Cognitive Decline Before and During COVID-19 Pandemic Among Older People With Multimorbidity: A Longitudinal Study.

TitleCognitive Decline Before and During COVID-19 Pandemic Among Older People With Multimorbidity: A Longitudinal Study.
Publication TypeJournal Article
Year of Publication2023
AuthorsLi, C, Hua, R, Gao, D, Zheng, F, Xie, W
JournalJournal of the American Medical Directors Association
ISSN Number1538-9375
KeywordsCognition, Cognitive Dysfunction, COVID-19, Dementia, multimorbidity, Pandemics

OBJECTIVE: To investigate whether older people living with multimorbidity would suffer an accelerated decline in cognition during the COVID-19 pandemic, compared with prepandemic data.

DESIGN: A 5-year cohort conducting surveys from year 2016 to 2021, with 2016 to 2019 as the control period and 2019 to 2021 the pandemic period.

SETTING AND PARTICIPANTS: In total, 9304 cognitively healthy older participants age ≥50 years were included from the Health and Retirement Study (HRS).

METHODS: Multimorbidity was defined as the concurrent presence of 2 or more chronic diseases. A global cognition z score was calculated using memory (immediate and delayed word recall tests) and executive function (counting backwards and the serial sevens tests). Incident dementia was defined using either the reported physician diagnosis or an alternative approach based on cognition summary score. Linear mixed models were used to assess longitudinal changes, while modified Poisson regression models were used to analyze the risk of incident dementia.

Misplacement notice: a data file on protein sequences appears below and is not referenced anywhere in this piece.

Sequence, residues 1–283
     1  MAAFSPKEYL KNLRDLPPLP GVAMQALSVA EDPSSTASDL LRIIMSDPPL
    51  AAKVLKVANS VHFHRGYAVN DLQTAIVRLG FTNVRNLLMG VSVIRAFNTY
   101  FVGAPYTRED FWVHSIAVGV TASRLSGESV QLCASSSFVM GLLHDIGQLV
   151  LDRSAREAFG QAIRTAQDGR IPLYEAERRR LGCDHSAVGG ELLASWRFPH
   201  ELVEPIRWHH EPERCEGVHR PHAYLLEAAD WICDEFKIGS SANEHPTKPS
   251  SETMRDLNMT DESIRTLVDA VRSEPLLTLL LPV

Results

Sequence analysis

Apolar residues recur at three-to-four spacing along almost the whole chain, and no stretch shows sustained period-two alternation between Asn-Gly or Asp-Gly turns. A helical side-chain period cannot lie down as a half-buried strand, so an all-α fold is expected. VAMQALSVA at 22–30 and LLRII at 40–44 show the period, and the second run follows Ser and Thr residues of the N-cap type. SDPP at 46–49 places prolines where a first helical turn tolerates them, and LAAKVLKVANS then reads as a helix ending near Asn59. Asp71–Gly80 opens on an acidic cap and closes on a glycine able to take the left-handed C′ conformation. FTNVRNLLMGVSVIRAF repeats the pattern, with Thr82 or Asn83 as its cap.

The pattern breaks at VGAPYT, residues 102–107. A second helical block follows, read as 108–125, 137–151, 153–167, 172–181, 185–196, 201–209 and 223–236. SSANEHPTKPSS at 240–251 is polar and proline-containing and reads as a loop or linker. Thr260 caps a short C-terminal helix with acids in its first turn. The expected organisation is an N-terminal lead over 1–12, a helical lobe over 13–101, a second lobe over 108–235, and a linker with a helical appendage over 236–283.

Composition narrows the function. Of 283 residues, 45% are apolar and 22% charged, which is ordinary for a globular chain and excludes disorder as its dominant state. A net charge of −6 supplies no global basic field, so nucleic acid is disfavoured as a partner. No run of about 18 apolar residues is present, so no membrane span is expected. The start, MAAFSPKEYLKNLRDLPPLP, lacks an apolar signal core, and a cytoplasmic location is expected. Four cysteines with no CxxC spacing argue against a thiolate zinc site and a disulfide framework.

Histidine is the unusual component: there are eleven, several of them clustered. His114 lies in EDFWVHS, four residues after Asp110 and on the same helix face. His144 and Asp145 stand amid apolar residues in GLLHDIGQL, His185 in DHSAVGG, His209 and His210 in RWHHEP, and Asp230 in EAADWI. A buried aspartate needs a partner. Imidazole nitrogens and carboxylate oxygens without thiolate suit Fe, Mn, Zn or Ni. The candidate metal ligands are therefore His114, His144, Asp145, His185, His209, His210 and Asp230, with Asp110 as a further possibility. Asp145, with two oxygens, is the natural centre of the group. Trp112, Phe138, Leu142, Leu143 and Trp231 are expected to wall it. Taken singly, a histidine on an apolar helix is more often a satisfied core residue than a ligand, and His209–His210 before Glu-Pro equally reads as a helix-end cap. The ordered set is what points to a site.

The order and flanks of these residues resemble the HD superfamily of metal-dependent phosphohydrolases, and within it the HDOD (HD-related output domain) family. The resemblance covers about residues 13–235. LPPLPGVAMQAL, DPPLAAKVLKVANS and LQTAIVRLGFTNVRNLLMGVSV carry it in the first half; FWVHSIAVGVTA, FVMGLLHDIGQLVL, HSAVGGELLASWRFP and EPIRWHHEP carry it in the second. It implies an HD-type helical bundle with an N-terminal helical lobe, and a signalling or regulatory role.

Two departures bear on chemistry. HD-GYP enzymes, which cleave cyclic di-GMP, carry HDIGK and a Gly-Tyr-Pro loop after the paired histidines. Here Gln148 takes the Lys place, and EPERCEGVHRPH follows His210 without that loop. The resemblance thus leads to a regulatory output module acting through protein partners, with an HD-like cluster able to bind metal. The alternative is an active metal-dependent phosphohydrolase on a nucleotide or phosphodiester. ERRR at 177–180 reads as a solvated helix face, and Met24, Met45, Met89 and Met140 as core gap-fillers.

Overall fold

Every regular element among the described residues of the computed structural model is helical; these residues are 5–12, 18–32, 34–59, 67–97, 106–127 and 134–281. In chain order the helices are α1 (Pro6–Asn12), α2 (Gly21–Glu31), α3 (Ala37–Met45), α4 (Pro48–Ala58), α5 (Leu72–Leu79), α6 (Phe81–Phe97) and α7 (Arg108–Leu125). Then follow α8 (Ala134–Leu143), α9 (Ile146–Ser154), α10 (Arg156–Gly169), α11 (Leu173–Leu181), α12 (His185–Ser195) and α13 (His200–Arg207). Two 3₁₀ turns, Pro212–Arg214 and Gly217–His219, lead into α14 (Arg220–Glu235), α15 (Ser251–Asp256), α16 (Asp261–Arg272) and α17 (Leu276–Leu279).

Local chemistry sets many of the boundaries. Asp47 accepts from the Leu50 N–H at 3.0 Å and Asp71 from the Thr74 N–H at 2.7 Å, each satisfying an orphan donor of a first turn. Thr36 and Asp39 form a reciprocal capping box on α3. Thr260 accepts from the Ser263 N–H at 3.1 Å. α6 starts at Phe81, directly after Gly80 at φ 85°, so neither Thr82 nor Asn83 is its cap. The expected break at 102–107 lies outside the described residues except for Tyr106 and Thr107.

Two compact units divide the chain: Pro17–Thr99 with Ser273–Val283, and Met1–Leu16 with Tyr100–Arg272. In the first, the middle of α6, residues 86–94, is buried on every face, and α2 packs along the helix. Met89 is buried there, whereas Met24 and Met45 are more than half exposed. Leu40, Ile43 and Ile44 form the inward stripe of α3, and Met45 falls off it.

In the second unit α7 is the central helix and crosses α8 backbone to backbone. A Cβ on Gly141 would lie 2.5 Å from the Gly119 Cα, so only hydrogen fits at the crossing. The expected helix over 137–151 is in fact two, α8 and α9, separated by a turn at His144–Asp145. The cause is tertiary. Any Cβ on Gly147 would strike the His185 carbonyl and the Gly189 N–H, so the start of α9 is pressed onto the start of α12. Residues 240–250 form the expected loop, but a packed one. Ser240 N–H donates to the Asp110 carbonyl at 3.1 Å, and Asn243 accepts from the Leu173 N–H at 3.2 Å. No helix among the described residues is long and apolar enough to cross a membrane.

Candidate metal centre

RESULTS: Of the 9304 participants included, 3649 (39.2%) were men, with a mean age of 65.8 ± 10.8 years. Participants with multimorbidity (n = 4375) suffered accelerated declines of 0.08 standard deviation (95% confidence interval 0.03, 0.13, P = .003) in global cognition and an elevated dementia risk (risk ratio 1.66, 95% confidence 1.05 to 2.61, P = .029), compared with individuals without morbidity (n = 1818) during the pandemic period. After further adjusting sociodemographic characteristics and prepandemic cognitive measurements, these differences remained evident. In contrast, no significant differences in cognitive declines were observed during the control period.

CONCLUSIONS AND IMPLICATIONS: During the COVID-19 pandemic, older people with multimorbidity suffered an accelerated decline in cognition and elevated incident dementia risk, while no evident differences in cognitive decline rates were observed before the pandemic. Measures targeting vulnerable older people with multimorbidity could be significant for assisting these individuals to tackle neurocognitive challenges during the pandemic.

Citation Key13019
PubMed ID36774966
PubMed Central IDPMC9837225